Rep. Val Demings is TikToking her way into fundraising gold.

But Sen. Marco Rubio wants to define the Democrat as a tool of the Chinese Communist Party for doing so.

In a new web ad launched Wednesday, Rubio, R-Fla., opened up a new front in his re-election campaign by contrasting his anti-communist bonafides with the Demings campaign’s prolific use of the wildly popular social-media app, which is owned by a Chinese company.

Last month’s revelations that private user data was accessed from China put TikTok on defense and intensified concerns about the company’s relationship with Beijing and the possibility of data-mining. The CIA views TikTok as a national security threat and it’s banned on official U.S. military devices.

The Democratic National Committee, which advised candidates against using the platform in 2020, recently established an account but controls access from special devices that are firewalled from other software and hardware to protect data, Politico reported last month.

Demings’ campaign told NBC News that she’s taking similar technological precautions as the DNC.

But ultimately, the attention, engagement and money raised from the platform makes using TikTok — which is particularly popular with young people and was reportedly the most downloaded app on the globe as of April of this year — worthwhile for Demings.

“We are on TikTok for one simple reason: That’s where the voters are,” said Christian Slater, a Demings spokesman. “The Demings campaign is working relentlessly to meet voters wherever they are, in person or online, in our fight to defeat career politician Marco Rubio.”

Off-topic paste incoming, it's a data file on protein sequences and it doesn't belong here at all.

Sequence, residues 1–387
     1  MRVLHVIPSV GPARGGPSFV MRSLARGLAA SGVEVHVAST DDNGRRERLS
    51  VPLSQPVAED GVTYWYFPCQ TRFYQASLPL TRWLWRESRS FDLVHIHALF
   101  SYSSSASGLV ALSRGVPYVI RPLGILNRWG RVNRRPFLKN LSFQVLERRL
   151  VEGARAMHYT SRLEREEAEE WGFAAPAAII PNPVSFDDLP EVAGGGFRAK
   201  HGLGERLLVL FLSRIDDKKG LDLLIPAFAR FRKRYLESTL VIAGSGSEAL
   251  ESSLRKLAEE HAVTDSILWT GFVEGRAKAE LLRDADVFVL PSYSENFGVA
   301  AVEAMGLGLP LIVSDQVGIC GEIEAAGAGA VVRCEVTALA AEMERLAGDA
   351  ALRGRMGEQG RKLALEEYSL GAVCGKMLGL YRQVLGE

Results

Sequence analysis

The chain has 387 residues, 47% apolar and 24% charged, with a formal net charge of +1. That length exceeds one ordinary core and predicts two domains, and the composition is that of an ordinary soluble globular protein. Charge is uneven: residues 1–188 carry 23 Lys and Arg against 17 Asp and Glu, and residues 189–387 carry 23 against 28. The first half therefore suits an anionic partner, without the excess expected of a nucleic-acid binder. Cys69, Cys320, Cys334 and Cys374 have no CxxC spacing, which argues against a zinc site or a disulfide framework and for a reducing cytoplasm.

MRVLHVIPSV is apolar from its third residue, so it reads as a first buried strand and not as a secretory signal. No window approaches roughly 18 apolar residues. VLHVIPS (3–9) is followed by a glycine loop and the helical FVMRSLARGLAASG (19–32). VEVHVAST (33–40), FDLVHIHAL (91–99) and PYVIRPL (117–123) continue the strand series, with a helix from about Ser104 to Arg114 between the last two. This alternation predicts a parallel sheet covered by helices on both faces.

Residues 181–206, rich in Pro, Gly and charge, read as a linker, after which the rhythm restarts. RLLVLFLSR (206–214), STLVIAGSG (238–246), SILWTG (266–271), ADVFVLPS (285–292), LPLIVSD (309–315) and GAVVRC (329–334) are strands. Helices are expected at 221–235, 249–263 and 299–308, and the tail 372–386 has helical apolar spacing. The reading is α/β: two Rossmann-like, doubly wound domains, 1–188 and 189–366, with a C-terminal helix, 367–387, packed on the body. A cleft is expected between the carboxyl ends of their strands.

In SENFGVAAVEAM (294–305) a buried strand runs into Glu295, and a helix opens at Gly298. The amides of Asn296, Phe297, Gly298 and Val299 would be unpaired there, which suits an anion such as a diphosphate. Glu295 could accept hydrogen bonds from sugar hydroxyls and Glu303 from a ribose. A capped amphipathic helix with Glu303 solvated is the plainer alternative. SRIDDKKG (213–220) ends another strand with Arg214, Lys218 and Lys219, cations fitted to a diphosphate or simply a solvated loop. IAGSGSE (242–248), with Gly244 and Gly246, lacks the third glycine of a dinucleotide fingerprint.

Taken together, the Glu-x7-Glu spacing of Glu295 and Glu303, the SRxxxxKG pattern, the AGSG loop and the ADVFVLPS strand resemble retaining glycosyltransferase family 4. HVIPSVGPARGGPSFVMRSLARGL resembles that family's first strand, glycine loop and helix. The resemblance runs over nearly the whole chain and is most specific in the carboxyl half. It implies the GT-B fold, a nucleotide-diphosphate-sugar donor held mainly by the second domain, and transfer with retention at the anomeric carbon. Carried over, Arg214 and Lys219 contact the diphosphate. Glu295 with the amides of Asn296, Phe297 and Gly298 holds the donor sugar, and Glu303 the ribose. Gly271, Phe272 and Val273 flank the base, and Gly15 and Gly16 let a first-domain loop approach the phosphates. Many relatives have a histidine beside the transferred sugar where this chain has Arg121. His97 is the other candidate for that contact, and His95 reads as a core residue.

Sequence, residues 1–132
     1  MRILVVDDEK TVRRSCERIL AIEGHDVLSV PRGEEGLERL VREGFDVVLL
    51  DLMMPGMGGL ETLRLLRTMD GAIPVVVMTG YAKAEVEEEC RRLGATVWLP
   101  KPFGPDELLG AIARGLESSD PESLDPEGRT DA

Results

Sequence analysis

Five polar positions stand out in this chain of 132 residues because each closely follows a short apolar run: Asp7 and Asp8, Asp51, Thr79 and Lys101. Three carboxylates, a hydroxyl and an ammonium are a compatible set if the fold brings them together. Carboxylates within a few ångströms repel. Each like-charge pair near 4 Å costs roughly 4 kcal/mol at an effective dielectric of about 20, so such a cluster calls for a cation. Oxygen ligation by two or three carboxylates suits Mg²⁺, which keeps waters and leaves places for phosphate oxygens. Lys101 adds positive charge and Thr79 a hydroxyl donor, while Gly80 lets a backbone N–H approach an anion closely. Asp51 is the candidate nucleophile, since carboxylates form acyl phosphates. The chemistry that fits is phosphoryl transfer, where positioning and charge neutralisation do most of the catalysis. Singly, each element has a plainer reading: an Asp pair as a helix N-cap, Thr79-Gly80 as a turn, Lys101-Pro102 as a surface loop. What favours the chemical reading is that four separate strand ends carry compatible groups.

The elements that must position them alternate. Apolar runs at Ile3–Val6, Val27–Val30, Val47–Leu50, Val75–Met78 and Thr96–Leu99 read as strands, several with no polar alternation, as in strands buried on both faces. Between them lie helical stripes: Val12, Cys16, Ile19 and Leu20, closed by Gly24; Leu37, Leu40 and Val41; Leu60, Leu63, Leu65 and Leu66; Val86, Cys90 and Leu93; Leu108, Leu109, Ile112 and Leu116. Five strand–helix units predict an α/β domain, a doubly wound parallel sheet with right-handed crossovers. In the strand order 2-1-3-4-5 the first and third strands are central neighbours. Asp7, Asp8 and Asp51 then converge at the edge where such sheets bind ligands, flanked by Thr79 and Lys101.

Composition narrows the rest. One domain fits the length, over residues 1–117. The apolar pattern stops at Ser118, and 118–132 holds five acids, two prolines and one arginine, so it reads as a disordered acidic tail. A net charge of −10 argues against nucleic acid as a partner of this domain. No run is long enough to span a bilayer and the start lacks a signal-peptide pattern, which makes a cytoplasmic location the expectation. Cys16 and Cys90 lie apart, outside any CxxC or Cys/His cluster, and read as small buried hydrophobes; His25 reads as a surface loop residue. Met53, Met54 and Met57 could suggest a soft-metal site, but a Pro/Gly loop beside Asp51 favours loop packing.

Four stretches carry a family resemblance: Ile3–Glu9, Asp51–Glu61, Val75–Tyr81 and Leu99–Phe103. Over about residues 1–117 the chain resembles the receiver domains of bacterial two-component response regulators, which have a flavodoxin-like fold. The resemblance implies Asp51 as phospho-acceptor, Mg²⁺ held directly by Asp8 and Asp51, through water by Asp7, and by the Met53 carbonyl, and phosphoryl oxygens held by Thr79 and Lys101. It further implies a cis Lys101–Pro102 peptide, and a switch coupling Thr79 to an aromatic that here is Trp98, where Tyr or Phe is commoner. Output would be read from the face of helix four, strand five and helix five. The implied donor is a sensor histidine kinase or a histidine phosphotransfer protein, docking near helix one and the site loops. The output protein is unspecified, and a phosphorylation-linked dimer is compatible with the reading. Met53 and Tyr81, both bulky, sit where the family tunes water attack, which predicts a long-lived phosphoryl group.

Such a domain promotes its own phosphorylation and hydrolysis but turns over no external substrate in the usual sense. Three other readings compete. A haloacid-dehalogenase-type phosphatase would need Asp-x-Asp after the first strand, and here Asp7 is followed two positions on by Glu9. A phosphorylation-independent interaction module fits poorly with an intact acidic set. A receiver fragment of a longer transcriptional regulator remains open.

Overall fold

Rubio, vice chair of the Senate Intelligence Committee and a senior member of the Foreign Relations Committee, said Demings was being irresponsible, considering her positions on the House Homeland Security and Intelligence committees.

“Val Demings should know better. Every time Demings shares a TikTok, she encourages Americans to use a platform that leaves their personal information more vulnerable to China,” Rubio spokeswoman Elizabeth Gregory said. “Meanwhile, Marco Rubio has been calling for action and highlighting the serious threat to personal privacy and U.S. national security TikTok poses.”

Rubio and the Republican National Committee are not on TikTok, but some Republican candidates are. The company did not return an email seeking comment.

The senator’s efforts to make TikTok a campaign issue marks the first time a statewide general election candidate has test-driven a medium-is-the-message attack targeting an opponent’s mere use of a social media platform rather than the content posted on it, according to political insiders at both parties. Demings is one of the more high-profile politicians to embrace TikTok, where politics is a hot topic. Videos with the politics hashtag have received more than 20.8 billion views, and two hashtags related to the overturning of abortion rights have amassed more than 5 billion views, according to data on TikTok’s platform.

Rubio’s TikTok broadside tries to hit multiple notes: Republican hostility against China and Big Tech, first popularized by former President Donald Trump. It’s also part of the GOP’s Florida playbook of branding Democrats as socialists or weak on communism — an attack that historically has had traction in the sizable portions of Florida’s rightward-leaning Hispanic communities, anchored by Miami Cuban-Americans like Rubio.